Palliative Care and Harm Reduction: Improving Outcomes for Patients With Cancer, SUD


Speakers at the 2024 Society of Pain and Palliative Care Virtual Conference discussed advanced treatment opportunities for patients with substance use disorder (SUD) and cancer-related pain.

Pain management and substance use disorder (SUD) present unique challenges for patients with cancer. At the 2024 Society of Pain and Palliative Care (SPPCP) Virtual Conference, presenters Sachin Kale, MD, MBOE, and Kyle Quirk, PharmD, discussed challenges related to limited training of health care professionals (HCPs) in the management of patients with cancer-related pain and SUD. They highlight a need for a more comprehensive medical model that incorporates harm reduction strategies in palliative care and fosters a patient-centric approach to treatment.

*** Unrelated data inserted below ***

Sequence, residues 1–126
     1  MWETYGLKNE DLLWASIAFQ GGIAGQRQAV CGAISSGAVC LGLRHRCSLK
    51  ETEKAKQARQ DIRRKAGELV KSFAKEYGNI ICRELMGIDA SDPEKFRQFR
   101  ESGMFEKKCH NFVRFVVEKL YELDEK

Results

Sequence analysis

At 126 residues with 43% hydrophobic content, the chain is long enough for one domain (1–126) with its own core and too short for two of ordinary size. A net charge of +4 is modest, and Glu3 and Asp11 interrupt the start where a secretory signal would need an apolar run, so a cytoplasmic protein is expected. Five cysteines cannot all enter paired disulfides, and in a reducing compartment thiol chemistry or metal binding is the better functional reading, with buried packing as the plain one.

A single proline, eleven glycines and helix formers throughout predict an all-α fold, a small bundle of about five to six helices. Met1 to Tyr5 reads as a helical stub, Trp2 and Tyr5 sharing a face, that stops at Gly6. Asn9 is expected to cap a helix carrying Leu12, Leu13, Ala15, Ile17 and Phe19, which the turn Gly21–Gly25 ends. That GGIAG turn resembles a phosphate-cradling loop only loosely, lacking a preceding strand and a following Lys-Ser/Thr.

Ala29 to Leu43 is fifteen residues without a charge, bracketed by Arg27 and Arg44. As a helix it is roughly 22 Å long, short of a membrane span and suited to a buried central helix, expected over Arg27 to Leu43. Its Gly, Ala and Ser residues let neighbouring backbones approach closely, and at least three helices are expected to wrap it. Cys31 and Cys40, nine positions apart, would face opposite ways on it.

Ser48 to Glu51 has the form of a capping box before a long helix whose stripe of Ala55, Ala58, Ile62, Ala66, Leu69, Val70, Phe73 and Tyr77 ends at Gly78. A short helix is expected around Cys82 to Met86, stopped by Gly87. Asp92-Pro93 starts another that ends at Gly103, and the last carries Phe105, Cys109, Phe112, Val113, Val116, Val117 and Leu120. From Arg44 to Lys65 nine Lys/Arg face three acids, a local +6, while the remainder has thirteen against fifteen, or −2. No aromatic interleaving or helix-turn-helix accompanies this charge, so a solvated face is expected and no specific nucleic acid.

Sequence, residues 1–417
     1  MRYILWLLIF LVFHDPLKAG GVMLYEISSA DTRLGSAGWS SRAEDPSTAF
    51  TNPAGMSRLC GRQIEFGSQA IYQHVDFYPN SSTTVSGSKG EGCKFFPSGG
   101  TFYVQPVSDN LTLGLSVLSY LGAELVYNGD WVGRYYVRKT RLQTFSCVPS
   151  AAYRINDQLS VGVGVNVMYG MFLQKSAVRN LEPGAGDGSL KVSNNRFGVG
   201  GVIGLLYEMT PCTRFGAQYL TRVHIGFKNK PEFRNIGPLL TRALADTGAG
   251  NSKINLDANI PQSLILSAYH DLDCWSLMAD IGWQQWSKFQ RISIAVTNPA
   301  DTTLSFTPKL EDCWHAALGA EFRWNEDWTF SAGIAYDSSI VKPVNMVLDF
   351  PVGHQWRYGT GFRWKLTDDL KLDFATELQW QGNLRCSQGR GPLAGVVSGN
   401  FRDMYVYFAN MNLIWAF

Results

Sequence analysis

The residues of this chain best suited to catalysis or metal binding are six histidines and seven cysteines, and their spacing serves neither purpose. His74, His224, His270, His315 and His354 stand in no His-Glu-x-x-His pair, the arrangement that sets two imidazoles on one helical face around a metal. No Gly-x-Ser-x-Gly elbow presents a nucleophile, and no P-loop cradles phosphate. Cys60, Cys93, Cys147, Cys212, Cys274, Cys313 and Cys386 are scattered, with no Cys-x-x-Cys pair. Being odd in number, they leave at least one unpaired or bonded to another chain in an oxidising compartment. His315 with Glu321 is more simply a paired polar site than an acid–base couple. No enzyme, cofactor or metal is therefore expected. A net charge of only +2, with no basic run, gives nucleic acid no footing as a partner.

substance abuse disorder

Harm reduction strategies are an integral step to effectively incorporating palliative and substance use care for patients receiving cancer-related pain treatment.

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HCPs often face uncertainty and have limited training in managing concurrent pain and SUD, leading to improper application of treatment models for patients with multiple conflicting conditions. Historically, palliative care is an inpatient setting reserved for patients with serious, complex, and/or terminal illnesses. However, Kale explained that palliative care, due to its focus on pain management and pain reduction therapy, is a successful treatment method for patients with cancer-related pain and SUD.